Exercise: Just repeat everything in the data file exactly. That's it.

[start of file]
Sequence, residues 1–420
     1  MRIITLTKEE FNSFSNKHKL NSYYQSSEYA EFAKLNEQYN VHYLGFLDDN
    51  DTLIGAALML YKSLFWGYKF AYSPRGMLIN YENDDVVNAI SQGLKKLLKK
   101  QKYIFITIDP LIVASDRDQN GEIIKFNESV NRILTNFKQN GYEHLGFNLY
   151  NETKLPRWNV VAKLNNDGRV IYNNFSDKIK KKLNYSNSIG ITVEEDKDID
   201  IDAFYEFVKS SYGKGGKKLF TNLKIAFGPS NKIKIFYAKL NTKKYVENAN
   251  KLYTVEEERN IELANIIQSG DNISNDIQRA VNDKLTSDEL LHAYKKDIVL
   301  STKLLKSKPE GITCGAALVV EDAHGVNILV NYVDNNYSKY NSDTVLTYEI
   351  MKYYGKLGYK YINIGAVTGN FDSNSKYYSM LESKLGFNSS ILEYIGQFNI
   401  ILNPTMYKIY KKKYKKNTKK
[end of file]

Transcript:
Sequence, residues 1–420
     1  MRIITLTKEE FNSFSNKHKL NSYYQSSEYA EFAKLNEQYN VHYLGFLDDN
    51  DTLIGAALML YKSLFWGYKF AYSPRGMLIN YENDDVVNAI SQGLKKLLKK
   101  QKYIFITIDP LIVASDRDQN GEIIKFNESV NRILTNFKQN GYEHLGFNLY
   151  NETKLPRWNV VAKLNNDGRV IYNNFSDKIK KKLNYSNSIG ITVEEDKDID
   201  IDAFYEFVKS SYGKGGKKLF TNLKIAFGPS NKIKIFYAKL NTKKYVENAN
   251  KLYTVEEERN IELANIIQSG DNISNDIQRA VNDKLTSDEL LHAYKKDIVL
   301  STKLLKSKPE GITCGAALVV EDAHGVNILV NYVDNNYSKY NSDTVLTYEI
   351  MKYYGKLGYK YINIGAVTGN FDSNSKYYSM LESKLGFNSS ILEYIGQFNI
   401  ILNPTMYKIY KKKYKKNTKK